15 Cooking Terms All Home Chefs Should Know

Knowing these will help you ditch the processed foods.

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Despite all the food delivery services urging you to place an order for pizza or Chinese tonight, your most heart-healthy and wallet-friendly choice is usually to cook from home. In addition to costing major bucks, restaurant food (and prepared foods from the store) are often loaded with sodium, sugar, fat, and extra calories.

One minor roadblock: Recipes can contain loads of unfamiliar and intimidating terms. Let’s be honest: You don’t need to know what basting is to nuke a frozen pizza. But if you’re trying to harness your kitchen skills, mastering this cooking lingo will make those recipes easier to follow—and make your meal way more satisfying.

You’ll definitely need to know these knife terms:

  • Slicing: cutting through a food, such as a tomato, into uniform pieces

  • Dicing: cutting up a food, such as an onion, into uniform cubes. (Here’s how to dice an onion in six steps.)

  • Chopping: cutting up a food into random pieces of all shapes and sizes

  • Mincing: cutting up a food, like garlic, into very small pieces

And when it comes to the oven, you should know the difference between these two methods:

  • Roasting: cooking food, uncovered, in an oven or grill; the food is entirely surrounded by hot air

  • Broiling: similar to roasting, but the heat source comes from above the food only; it cooks foods quickly and often leaves a charred look and flavor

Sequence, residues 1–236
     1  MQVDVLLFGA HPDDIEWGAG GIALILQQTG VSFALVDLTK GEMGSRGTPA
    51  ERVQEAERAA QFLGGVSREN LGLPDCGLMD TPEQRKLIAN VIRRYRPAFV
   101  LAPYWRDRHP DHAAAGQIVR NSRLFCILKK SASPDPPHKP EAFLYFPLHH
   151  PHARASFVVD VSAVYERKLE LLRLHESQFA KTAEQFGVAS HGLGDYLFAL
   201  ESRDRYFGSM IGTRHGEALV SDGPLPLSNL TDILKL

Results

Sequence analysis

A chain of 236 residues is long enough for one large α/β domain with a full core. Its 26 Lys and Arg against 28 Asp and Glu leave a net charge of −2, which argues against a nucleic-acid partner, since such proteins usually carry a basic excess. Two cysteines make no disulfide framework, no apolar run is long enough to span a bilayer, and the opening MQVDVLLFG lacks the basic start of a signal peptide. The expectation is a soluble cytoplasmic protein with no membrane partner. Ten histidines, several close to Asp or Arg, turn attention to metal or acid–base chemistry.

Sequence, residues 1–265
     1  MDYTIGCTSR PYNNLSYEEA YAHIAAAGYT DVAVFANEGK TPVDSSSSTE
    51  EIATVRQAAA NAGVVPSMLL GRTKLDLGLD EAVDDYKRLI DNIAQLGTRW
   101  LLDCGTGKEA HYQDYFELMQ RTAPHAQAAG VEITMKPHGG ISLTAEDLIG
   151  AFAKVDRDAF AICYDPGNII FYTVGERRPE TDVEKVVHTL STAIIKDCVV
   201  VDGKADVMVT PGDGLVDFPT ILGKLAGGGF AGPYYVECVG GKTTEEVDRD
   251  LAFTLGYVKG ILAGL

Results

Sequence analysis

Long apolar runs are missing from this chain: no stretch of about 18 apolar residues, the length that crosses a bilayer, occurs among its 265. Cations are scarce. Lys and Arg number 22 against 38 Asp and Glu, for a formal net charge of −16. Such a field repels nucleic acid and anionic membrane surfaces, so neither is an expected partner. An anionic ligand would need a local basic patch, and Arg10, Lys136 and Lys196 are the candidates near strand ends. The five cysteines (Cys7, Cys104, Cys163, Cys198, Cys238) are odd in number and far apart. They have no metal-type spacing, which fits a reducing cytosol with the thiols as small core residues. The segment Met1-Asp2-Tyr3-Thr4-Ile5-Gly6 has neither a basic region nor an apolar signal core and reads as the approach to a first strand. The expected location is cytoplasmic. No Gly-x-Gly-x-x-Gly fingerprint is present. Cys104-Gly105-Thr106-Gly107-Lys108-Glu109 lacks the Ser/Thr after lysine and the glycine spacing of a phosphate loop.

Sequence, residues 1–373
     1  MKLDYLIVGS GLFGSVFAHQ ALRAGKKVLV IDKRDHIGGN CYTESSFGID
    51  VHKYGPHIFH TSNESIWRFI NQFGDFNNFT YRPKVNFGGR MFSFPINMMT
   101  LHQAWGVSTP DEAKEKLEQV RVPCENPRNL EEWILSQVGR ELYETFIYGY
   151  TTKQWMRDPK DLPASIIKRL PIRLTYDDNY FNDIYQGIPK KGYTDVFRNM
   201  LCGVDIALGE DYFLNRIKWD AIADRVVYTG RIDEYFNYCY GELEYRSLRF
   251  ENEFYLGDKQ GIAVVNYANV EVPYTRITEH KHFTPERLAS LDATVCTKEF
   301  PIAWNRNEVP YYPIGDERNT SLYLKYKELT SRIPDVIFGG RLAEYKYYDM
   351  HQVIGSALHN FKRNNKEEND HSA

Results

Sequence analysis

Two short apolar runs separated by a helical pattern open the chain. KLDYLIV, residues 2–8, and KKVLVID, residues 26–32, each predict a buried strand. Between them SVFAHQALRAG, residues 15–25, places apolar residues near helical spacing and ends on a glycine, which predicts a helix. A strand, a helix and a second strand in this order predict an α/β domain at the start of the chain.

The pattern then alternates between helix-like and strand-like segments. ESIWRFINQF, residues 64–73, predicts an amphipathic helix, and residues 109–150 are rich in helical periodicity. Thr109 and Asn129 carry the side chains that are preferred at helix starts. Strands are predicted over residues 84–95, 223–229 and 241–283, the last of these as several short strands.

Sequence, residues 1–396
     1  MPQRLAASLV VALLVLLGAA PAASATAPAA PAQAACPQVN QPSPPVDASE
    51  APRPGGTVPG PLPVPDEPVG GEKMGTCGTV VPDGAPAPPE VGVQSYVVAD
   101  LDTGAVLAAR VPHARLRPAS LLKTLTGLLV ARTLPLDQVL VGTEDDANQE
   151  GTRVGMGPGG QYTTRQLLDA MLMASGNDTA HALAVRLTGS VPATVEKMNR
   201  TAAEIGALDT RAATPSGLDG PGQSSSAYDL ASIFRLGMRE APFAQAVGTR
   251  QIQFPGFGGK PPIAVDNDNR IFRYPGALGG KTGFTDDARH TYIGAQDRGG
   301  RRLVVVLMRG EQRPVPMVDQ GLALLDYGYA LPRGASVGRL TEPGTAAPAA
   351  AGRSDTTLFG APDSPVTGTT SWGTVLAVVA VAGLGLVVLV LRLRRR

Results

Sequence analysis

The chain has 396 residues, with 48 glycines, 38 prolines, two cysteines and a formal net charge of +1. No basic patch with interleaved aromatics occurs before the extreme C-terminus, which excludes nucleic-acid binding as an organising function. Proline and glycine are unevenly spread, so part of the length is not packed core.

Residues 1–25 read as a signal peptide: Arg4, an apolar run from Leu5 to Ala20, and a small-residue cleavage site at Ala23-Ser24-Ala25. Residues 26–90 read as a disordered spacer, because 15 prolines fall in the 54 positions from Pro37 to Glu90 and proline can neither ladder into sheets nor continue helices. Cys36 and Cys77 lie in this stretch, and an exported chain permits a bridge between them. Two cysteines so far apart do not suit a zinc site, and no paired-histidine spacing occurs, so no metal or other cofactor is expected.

If you’re working with meat, tempeh, or tofu, you’ll definitely find these terms helpful:

  • Marinating: soaking food, usually one with more subtle flavor like chicken or tofu, in a potent sauce or seasoning for an hour or longer before cooking, to add flavor. (Try this recipe for chicken marinated in charmoula sauce.)

  • Basting: pouring juices over a meat, such as the Thanksgiving turkey, while it’s cooking to prevent it from drying out

And for your stove-top cooking, these methods are must-know information:

  • Sauteing: cooking food quickly in a pan, using just a thin layer of fat (usually oil)

  • Deep-frying: cooking food by submerging it entirely in oil

  • Simmering: cooking food in a liquid that is bubbling gently to the surface

  • Boiling: cooking food, such as pasta, in a liquid that is churning and rolling vigorously in the pot

  • Stewing: cooking food in liquid over low heat in a covered pot. (Try it out with this eggplant chickpea stew recipe.)

  • Steaming: cooking food, like broccoli or Chinese dumplings, using the steam from a boiling liquid, usually using a steaming basket to keep the food from actually touching the liquid

  • Blanching: immersing food, like asparagus, quickly in boiling liquid, which is usually followed by “shocking,” or immersing in ice water to stop residual cooking and help the vegetable retain its crunch and bright color. (Check out this tutorial for how to blanch asparagus here.)